Castle Creek Band Jamming on the porch of the Van Aukens Inne

Castle Creek Band Jamming on the porch of the Van Aukens Inne

Day 2: Middle Settlement Lake

Looking out over Middle Settlement Lake

Looking out over Middle Settlement Lake

For those unwilling to drive an hour to Eagle Falls, there are a few closer crags. Middle Settlement Lake has the closest trailhead from the Mountainman Outdoor Center, at a little less than 5 miles away.

Trailhead to Middle Settlement Lake lies about 4 miles south of Thendara

Trailhead to Middle Settlement Lake lies about 4 miles south of Thendara

We drove the short distance from town to the trailhead. Across the street is a large parking area, so there should be no trouble with that part of the trip. The hike takes about an hour and a half, but isn’t difficult. The steepest part lies at the very beginning, as the trail ascends a moderate grade to a rocky ridge before entering the upland forest. From that point on, it is level or mild ups and downs all the way to the lake.

One of the short, stout routes at Middle Settlement Lake

One of the short, stout routes at Middle Settlement Lake

Once there, expect some challenging, short climbs. There are a couple easy routes, one of which I climbed while there, Amanita Muscaria, but the majority of routes are 5.8 to 5.11, and require passing through large overhangs to reach the top. None of these routes is long, sixty feet tops, with most being 40’ or so; but they all look stout.

Another set of hard looking climbs at Middle Settlement Lake

Another set of hard looking climbs at Middle Settlement Lake

Beneath the cliffs, boulders abound, recently developed by Dave Buzzelli, aka Buzz. I’m not a boulderer, but I’m told there are some classic lines on the rocks around the lake.

Yet more rock to drool over!

Yet more rock to drool over!

I returned to the parking lot within four hours of leaving; adding four hours of climbing (on top of the one I did) would make a good full day. It would take a strong party to check off all the routes at this small cliff in one day, but it could be done.

And still more cliff pics from Middle Settlement Lake

And still more cliff pics from Middle Settlement Lake

My next stop was Flatrock Crag. Doug, Mike, and two more Mountainman crewmembers, Brittany and Matt, showed me around the place. The approach is trivial: moments from the car, one runs into a small cliff band.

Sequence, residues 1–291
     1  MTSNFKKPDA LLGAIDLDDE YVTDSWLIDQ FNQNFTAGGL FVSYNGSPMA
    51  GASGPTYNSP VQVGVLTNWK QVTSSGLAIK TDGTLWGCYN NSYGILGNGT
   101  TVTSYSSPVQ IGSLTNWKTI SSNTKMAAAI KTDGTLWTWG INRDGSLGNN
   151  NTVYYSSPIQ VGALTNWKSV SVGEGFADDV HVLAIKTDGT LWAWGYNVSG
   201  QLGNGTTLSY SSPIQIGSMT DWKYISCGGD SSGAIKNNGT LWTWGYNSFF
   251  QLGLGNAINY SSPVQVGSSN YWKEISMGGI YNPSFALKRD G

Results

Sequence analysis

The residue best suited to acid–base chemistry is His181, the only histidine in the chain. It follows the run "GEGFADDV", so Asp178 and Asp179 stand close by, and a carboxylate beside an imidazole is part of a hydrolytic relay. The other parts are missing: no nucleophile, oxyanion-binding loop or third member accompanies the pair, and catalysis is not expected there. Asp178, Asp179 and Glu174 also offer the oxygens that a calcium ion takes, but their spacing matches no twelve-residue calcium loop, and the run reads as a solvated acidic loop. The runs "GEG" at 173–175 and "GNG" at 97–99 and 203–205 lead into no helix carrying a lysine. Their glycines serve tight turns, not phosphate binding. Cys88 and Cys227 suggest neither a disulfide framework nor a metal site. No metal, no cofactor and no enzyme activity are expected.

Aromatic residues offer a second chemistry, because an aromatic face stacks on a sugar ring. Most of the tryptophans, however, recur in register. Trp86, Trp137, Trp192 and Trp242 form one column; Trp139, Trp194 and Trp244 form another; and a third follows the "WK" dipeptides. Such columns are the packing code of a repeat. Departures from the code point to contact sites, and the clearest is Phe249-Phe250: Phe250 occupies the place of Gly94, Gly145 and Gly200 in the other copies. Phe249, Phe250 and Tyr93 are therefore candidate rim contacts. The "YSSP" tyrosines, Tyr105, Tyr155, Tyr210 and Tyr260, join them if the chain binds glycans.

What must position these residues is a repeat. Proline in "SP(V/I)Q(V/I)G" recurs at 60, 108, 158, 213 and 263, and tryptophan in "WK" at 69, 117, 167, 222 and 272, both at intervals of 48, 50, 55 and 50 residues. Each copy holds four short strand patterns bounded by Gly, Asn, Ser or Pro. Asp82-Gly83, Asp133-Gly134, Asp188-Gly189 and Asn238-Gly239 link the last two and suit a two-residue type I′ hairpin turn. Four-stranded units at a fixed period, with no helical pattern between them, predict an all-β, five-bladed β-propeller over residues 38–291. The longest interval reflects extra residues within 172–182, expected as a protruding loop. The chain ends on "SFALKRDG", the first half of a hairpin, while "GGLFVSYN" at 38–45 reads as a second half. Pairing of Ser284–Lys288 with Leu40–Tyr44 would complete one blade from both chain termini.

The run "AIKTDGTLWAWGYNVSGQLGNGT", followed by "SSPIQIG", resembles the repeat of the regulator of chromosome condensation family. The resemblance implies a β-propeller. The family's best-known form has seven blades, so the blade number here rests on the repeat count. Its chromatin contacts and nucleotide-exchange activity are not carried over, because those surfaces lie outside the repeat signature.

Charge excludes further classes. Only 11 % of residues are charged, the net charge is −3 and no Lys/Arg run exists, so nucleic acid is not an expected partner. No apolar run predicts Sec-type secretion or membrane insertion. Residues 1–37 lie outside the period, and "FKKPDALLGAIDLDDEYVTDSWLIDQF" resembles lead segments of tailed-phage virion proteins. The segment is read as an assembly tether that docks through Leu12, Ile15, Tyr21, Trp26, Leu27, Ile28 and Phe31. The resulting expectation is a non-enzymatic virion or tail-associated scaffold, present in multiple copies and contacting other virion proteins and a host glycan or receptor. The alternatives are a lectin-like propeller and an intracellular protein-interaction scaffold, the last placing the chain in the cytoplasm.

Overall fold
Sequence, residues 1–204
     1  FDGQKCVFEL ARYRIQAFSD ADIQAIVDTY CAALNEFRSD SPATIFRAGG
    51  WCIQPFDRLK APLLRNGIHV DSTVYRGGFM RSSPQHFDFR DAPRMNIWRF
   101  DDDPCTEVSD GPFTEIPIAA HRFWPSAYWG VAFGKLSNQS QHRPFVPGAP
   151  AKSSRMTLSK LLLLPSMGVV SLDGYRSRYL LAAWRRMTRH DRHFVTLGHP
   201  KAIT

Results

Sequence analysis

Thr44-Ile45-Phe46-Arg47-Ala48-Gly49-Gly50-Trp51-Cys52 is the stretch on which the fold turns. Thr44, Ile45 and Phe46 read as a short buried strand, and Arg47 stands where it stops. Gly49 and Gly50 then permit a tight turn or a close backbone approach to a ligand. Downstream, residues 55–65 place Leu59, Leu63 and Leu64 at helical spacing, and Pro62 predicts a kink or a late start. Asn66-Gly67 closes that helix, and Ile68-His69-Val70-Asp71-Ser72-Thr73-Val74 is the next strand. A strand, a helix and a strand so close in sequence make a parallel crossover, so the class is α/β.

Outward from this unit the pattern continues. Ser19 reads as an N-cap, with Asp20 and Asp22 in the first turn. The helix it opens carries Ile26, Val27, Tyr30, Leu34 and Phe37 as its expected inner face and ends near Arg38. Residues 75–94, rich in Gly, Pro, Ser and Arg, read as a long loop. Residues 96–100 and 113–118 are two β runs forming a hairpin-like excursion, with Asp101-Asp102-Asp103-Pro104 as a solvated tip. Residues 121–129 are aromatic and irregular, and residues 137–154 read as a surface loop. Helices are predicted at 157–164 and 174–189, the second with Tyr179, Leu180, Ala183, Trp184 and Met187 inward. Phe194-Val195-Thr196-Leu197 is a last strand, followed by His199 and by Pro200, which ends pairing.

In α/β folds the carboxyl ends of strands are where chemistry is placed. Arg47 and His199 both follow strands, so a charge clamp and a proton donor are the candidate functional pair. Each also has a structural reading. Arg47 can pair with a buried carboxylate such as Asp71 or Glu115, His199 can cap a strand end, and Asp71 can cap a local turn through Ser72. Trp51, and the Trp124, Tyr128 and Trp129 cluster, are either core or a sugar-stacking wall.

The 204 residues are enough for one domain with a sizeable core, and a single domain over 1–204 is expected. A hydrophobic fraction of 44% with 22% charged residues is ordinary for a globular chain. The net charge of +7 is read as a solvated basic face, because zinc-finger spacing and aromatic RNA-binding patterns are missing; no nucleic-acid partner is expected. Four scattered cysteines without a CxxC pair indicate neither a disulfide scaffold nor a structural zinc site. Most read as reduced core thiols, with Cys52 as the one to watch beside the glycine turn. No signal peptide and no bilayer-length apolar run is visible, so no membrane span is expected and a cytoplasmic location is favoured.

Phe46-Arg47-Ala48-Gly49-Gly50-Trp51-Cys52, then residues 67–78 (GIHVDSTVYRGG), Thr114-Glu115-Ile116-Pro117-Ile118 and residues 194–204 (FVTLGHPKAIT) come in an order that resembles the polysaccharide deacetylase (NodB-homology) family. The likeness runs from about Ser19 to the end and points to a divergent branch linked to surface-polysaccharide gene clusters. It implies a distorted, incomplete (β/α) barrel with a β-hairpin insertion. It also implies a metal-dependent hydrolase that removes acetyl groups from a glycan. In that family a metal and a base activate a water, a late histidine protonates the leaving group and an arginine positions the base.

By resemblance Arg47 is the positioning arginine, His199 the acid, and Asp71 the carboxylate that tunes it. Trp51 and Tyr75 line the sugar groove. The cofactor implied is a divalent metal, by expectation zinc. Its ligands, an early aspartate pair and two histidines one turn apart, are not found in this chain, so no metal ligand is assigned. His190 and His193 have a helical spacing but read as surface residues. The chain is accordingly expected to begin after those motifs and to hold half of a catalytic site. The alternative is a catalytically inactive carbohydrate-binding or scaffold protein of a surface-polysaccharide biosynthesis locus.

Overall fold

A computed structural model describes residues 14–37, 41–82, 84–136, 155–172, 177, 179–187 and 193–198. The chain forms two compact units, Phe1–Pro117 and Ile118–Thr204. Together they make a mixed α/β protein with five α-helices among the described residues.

The Mountainman Gang heading in to Flatrock's Little Cliff

The Mountainman Gang heading in to Flatrock’s Little Cliff

The frequent rain over the past few days (much like this entire summer) unfortunately precluded getting on any rock in the vicinity where the gang has been cleaning. We would spend a little time attempting to top-rope a 30’ arête about a hundred yards to the right without any success.

Our 1 TR attempted. That's Mike B posing in front.

Our 1 TR attempted. That’s Mike B posing in front.

Whether this is an established line or not is hard to say from the descriptions in the book. While the cliff is quite long, it is very short; 35’ is probably its lengthiest. Currently it is very, very dirty. The cliff is completely shaded and faces northwest, so it doesn’t see any sun, and there appears to be plenty of moisture seeping from the top this year. Doug is determined to reclaim this cliff from the encroaching vegetation, and may be able to get it ready in time for the Festival. If so, this will be an excellent place to unwind for any climbers who have a couple hours to finish the day. It is only four miles from Thendara, and as already pointed out, moments from the road.

Update: The cliffs I saw are NOT the documented Flatrock ones. They lie slightly farther southwest of the part I visited.

Day 3: Alternative Entertainment and Bald Mountain

OK, we took some time off from cliff-inspection to stop and smell the "roses"

OK, we took some time off from cliff-inspection to stop and smell the “roses”